Camille Dungy

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Camille Dungy
Dungy at the 2018 U.S. National Book Festival
Dungy at the 2018 U.S. National Book Festival
Denver, Colorado, US
OccupationPoet and academic
EducationStanford University; University of North Carolina, Greensboro

Camille T. Dungy (born 1972) is an American poet and professor.


Born in Denver, Colorado, Dungy graduated from Stanford University (BA) and the University of North Carolina, Greensboro, where she earned her MFA.[1]

She is the author of four poetry collections – Trophic Cascade (Wesleyan University Press, 2016), Smith Blue (Southern Illinois University Press, 2011), Suck on the Marrow (Red Hen Press, 2010) and What to Eat, What to Drink, What to Leave for Poison (Red Hen Press, 2006) – as well as a recent collection of essays entitled Guidebook to Relative Strangers (W.W. Norton, 2017). Dungy is editor of Black Nature: Four Centuries of African American Nature Poetry (UGA, 2009), co-editor of From the Fishouse: An Anthology of Poems that Sing, Rhyme, Resound, Syncopate, Alliterate, and Just Plain Sound Great (Persea, 2009), and assistant editor of Gathering Ground: A Reader Celebrating Cave Canem’s First Decade (University of Michigan Press, 2006).[2] Her poems have appeared in literary journals and magazines, including The American Poetry Review, Poetry, Callaloo, The Missouri Review,[3] Crab Orchard Review, Poetry Daily.

Dungy's honors include fellowships from the National Endowment for the Arts, the Virginia Commission for the Arts, and the Bread Loaf Writers' Conference, Cave Canem, the American Antiquarian Society, and the Sewanee Writers' Conference, and she is the recipient of the 2011 American Book Award, a 2010 California Book Award silver medal, a two-time recipient of the Northern California Book Award, and a two-time NAACP Image Award nominee.[4][5] Recently a professor in the Creative Department at San Francisco State University (2011–2013), she is currently a professor in the English Department at Colorado State University.[6] In 2019, Dungy was awarded a Guggenheim Fellowship for her poetry.[7][8]


  • 2019: Guggenheim Fellowship
  • 2013: Sustainable Arts Foundations Promise Award
  • 2011: American Book Award
  • 2011: California Book Award Silver Medal
  • 2011: Northern California Book Award
  • 2010: Crab Orchard Open Poetry Series
  • 2010: Northern California Book Award
  • 2007: Dana Award in Poetry
  • 2003: National Endowment for the Arts Fellowship

Published works[edit]

Full-length poetry collections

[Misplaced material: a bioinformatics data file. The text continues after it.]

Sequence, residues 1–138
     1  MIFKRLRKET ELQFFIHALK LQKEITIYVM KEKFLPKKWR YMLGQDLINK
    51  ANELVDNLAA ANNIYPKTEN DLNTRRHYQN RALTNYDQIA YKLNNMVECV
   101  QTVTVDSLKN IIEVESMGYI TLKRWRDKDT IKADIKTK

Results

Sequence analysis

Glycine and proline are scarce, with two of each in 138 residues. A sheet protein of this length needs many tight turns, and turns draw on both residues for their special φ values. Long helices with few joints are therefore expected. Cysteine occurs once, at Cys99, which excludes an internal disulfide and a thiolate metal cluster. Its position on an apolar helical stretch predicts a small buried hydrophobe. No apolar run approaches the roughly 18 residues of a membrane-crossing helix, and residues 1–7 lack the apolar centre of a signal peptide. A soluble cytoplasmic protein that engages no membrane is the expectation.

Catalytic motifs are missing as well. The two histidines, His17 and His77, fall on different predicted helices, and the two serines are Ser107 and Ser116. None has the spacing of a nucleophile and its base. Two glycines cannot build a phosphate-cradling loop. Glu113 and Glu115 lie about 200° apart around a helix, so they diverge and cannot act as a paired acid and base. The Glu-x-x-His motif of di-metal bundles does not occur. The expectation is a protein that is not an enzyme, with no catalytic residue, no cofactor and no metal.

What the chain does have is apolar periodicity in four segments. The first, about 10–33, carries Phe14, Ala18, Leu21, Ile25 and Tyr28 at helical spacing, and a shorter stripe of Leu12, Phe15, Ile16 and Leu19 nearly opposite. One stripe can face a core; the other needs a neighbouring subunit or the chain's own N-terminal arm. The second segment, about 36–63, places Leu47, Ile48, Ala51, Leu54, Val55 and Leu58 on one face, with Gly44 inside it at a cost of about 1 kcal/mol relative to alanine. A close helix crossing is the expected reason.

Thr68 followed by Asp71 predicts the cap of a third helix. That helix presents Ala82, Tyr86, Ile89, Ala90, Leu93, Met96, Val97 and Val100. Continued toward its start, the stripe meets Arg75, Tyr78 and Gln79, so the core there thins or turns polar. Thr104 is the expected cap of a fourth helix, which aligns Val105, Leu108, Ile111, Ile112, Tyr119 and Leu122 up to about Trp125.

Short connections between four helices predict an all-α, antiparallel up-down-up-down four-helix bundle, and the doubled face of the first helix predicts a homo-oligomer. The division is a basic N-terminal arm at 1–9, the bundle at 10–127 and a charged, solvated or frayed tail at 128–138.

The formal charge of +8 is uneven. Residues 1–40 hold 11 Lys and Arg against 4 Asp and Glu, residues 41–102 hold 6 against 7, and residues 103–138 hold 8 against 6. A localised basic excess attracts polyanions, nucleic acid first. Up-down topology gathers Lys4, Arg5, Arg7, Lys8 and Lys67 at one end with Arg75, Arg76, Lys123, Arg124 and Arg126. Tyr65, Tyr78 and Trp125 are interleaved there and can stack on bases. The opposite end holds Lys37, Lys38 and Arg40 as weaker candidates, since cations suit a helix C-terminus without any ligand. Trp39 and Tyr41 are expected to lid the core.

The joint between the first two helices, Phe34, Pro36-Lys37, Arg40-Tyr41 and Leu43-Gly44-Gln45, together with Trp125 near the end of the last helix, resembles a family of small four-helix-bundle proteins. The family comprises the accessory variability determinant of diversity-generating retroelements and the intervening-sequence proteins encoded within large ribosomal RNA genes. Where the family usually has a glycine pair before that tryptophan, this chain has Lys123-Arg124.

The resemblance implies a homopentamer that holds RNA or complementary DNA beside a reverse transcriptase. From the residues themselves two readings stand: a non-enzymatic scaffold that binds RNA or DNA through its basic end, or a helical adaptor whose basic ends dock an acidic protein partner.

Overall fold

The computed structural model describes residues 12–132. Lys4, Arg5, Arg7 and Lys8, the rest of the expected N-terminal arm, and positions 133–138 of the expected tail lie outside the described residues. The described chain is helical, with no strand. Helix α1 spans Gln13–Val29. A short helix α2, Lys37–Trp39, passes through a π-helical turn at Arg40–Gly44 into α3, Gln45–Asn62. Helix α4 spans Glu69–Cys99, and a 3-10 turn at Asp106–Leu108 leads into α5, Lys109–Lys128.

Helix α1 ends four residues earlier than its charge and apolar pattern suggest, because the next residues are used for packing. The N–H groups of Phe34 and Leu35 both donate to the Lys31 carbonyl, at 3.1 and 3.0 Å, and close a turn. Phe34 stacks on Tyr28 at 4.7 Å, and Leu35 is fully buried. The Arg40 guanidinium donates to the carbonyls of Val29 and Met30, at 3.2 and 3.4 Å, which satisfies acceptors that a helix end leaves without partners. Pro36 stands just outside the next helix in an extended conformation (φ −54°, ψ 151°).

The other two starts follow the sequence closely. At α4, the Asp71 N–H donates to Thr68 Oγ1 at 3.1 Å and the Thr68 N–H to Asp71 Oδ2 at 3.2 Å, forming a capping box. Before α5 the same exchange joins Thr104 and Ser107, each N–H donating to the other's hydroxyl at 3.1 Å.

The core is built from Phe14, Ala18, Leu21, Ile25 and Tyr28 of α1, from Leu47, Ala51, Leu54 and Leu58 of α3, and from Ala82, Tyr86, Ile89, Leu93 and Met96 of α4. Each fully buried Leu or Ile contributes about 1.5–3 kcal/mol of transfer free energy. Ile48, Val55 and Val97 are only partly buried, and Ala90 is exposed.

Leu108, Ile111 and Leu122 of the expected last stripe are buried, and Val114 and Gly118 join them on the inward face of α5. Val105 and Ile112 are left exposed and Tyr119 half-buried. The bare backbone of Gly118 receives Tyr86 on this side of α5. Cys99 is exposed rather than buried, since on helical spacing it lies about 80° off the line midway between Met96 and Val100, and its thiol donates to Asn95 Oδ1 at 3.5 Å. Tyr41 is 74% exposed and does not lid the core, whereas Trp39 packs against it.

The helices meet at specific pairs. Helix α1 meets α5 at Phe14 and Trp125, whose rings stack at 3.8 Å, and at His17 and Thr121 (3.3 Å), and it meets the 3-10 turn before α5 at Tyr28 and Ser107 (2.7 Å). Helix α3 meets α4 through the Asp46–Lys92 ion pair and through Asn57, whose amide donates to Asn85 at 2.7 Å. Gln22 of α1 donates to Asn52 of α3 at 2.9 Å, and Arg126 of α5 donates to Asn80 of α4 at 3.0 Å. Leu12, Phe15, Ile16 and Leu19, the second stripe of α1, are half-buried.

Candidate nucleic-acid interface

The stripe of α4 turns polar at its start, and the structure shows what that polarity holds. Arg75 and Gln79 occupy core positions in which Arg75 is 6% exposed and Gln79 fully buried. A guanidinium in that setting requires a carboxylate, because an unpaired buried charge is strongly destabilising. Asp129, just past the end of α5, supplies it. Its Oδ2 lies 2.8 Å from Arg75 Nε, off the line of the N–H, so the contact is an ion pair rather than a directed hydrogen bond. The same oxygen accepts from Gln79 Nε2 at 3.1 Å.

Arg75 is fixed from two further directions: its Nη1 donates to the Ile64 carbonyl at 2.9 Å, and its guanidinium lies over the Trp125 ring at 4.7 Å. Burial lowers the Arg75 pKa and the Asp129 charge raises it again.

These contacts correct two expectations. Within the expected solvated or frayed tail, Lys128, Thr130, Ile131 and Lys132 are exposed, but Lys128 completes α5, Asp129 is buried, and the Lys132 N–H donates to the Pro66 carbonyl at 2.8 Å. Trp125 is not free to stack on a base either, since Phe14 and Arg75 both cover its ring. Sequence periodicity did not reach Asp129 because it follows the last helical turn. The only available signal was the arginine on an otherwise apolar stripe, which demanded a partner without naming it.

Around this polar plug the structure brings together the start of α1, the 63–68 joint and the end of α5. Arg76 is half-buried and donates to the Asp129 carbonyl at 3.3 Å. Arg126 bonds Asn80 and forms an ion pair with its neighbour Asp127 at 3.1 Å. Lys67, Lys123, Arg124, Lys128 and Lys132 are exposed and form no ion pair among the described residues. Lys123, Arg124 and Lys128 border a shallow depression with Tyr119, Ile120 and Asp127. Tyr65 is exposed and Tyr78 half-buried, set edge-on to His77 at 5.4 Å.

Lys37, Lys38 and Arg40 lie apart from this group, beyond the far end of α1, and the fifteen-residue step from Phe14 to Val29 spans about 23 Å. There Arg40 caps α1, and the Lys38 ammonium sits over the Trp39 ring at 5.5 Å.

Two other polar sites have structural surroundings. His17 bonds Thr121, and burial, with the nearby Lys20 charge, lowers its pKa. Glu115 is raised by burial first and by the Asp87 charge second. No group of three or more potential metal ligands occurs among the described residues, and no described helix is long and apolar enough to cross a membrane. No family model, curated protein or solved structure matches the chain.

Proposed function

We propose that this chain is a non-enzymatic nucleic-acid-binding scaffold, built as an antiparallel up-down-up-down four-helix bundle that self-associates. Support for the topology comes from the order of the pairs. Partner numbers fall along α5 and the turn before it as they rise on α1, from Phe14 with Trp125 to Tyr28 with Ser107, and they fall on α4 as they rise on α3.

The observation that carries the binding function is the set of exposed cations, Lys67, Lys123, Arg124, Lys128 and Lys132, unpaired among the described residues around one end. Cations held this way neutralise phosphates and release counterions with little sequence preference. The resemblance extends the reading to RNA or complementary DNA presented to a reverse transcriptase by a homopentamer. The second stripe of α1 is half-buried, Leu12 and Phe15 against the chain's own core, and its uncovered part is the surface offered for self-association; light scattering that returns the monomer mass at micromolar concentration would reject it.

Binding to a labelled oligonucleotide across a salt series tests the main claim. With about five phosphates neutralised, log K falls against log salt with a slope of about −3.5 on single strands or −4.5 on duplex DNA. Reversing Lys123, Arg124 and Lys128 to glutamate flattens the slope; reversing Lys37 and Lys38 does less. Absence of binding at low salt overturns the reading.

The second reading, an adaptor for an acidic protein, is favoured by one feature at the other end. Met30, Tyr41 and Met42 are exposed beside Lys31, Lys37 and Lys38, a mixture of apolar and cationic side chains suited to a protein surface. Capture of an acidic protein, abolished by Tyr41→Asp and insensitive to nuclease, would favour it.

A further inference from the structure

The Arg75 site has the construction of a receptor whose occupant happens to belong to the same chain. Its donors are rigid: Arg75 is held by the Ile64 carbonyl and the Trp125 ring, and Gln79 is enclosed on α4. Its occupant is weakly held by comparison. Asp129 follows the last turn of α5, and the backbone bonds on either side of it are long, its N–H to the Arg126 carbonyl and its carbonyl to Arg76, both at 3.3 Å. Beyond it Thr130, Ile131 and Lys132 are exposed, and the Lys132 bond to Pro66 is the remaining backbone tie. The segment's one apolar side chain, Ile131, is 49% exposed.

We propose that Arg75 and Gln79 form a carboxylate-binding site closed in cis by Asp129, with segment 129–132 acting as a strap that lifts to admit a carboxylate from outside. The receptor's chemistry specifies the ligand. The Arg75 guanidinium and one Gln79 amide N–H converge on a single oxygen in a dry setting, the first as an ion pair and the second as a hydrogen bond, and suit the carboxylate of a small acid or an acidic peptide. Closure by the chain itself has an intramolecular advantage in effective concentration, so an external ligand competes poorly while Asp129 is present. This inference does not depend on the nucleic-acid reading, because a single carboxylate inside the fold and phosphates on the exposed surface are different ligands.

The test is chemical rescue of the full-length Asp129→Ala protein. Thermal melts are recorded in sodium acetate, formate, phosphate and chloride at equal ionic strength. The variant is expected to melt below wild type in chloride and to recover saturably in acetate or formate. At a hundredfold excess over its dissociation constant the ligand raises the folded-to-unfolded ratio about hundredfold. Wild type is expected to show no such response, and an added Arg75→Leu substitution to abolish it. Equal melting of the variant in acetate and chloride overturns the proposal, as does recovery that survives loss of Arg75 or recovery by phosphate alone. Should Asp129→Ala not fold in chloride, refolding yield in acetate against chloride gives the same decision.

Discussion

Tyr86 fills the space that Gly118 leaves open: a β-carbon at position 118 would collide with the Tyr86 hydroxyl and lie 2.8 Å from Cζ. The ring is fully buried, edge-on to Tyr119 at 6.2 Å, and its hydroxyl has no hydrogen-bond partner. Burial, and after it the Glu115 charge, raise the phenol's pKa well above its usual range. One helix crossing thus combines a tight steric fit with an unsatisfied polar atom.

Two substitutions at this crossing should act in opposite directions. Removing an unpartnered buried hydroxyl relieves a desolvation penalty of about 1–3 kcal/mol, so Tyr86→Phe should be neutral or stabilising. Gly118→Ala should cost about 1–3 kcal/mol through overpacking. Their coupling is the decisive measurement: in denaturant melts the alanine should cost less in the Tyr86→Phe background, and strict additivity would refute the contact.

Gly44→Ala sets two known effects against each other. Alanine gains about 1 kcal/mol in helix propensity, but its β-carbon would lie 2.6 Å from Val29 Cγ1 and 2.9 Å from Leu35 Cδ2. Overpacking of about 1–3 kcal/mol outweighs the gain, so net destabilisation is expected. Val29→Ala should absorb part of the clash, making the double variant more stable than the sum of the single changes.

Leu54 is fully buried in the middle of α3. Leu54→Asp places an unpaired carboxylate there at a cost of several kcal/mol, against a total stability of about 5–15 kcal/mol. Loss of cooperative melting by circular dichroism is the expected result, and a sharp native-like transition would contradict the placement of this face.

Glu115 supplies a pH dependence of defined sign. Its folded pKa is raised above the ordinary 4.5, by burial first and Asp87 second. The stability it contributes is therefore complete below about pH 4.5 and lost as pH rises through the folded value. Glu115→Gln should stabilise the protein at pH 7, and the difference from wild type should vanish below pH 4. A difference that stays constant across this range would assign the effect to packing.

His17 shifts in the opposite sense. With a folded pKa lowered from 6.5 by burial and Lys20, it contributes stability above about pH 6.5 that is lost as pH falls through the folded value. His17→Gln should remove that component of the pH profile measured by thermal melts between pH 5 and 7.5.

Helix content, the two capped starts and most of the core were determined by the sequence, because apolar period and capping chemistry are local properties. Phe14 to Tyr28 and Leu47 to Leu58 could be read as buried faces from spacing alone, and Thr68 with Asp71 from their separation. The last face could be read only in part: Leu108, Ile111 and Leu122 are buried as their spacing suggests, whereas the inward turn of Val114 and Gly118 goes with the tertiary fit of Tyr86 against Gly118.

• Guidebook to Relative Strangers, W.W. Norton, 2017


  • Black Nature: Four Centuries of African American Nature Poetry, University of Georgia Press, 2009
  • Toi Derricotte; Cornelius Eady; Camille T. Dungy, eds. (2006). Gathering Ground: A Reader Celebrating Cave Canem's First Decade. University of Michigan Press, 2006. ISBN 978-0-472-06924-8. Camille Dungy.
  • Camille T. Dungy; Matt O'Donnell; Jeffrey Thomson, eds. (2009). From the Fishouse: An Anthology of Poems That Sing, Rhyme, Resound, Syncopate, Alliterate, and Just Plain Sound Great. Persea Books. ISBN 978-0-89255-348-8.


  • Lucille Lang Day and Ruth Nolan (eds.), Fire and Rain: Ecopoetry of California. Scarlet Tanager Books, 2018
  • Melissa Tuckey (ed.), Ghost Fishing: An Eco-Justice Poetry Anthology. University of Georgia Press, 2018
  • Charles Rowell (ed.),Angles of Ascent: A Norton Anthology of Contemporary African American Poetry, New York: W. W. Norton, 2013
  • Anne Fisher-Wirth and Laura-Gray Street (eds), The Ecopoetry Anthology, Trinity University Press, 2013. ISBN 978-1595341464
  • Joshua Corey and G. C. Waldrep (eds), The Arcadia Project, Ahsahta Press, 2012
  • New California Writing. Heyday Books, 2012
  • Emily Rosko and Anton VanderZee (eds), A Broken Thing: Poets on the Line. The University of Iowa Press, 2011
  • Alison Deming and Lauret Savoy (eds), The Colors of Nature: Culture, Identity, and the Natural World. Minneapolis, MN: Milkweed Editions, 2011
  • Nikki Giovanni (ed.), The 100 Best African American Poems. Sourcebooks: 2010
  • Julie Greicius and Elissa Bassist (eds), Rumpus Women, Vol. I, The Rumpus Book Club, 2010
  • The Place That Inhabits Us: Poems from the San Francisco Bay Watershed. San Francisco, CA: Sixteen Rivers Press, 2010
  • Nikky Finney, ed. (2007). "Dinah in the Box". The Ringing Ear: Black Poets Lean South. University of Georgia Press, 2007. ISBN 978-0-8203-2926-0.
  • Gerry LaFemina; Chad Prevost, eds. (2006). Evensong: Contemporary American Poets on Spirituality. Bottom Dog Press, 2006. ISBN 978-1-933964-01-0.


  1. ^ "Camille T. Dungy", Poetry Foundation.
  2. ^ "Camille T. Dungy", From the Fishouse – an audio archive of emerging poets.
  3. ^ "Poetry". The Missouri Review. University of Missouri--Columbia. Dept of English: 135–137. 2001.
  4. ^ "Torch > Camille T. Dungy Bio and Poems". Archived from the original on 2009-06-10. Retrieved 2009-07-22.
  5. ^ Bio, Camille T. Dungy website.
  6. ^ "Camille Dungy" at Colorado State University.
  7. ^ Udell, Erin. "CSU English professor awarded prestigious Guggenheim Fellowship". Coloradoan. Retrieved 2020-01-29.
  8. ^ "John Simon Guggenheim Foundation | Camille T. Dungy". Retrieved 2020-01-29.

External links[edit]